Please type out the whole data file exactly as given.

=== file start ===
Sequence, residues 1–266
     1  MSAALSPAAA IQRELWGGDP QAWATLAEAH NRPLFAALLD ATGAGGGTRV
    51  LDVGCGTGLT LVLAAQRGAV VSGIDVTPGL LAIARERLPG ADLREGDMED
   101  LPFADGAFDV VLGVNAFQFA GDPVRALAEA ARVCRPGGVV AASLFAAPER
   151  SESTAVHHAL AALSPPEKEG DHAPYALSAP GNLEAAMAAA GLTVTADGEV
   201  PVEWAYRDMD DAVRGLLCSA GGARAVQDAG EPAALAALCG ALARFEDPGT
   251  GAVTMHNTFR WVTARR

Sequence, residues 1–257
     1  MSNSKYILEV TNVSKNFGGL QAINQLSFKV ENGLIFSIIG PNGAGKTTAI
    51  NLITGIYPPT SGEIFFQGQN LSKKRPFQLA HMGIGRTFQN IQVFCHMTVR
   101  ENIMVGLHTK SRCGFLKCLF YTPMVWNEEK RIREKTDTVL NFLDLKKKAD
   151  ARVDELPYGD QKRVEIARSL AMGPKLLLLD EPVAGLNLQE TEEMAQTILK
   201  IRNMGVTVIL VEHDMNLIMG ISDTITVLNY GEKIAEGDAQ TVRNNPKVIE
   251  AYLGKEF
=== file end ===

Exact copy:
Sequence, residues 1–266
     1  MSAALSPAAA IQRELWGGDP QAWATLAEAH NRPLFAALLD ATGAGGGTRV
    51  LDVGCGTGLT LVLAAQRGAV VSGIDVTPGL LAIARERLPG ADLREGDMED
   101  LPFADGAFDV VLGVNAFQFA GDPVRALAEA ARVCRPGGVV AASLFAAPER
   151  SESTAVHHAL AALSPPEKEG DHAPYALSAP GNLEAAMAAA GLTVTADGEV
   201  PVEWAYRDMD DAVRGLLCSA GGARAVQDAG EPAALAALCG ALARFEDPGT
   251  GAVTMHNTFR WVTARR

Sequence, residues 1–257
     1  MSNSKYILEV TNVSKNFGGL QAINQLSFKV ENGLIFSIIG PNGAGKTTAI
    51  NLITGIYPPT SGEIFFQGQN LSKKRPFQLA HMGIGRTFQN IQVFCHMTVR
   101  ENIMVGLHTK SRCGFLKCLF YTPMVWNEEK RIREKTDTVL NFLDLKKKAD
   151  ARVDELPYGD QKRVEIARSL AMGPKLLLLD EPVAGLNLQE TEEMAQTILK
   201  IRNMGVTVIL VEHDMNLIMG ISDTITVLNY GEKIAEGDAQ TVRNNPKVIE
   251  AYLGKEF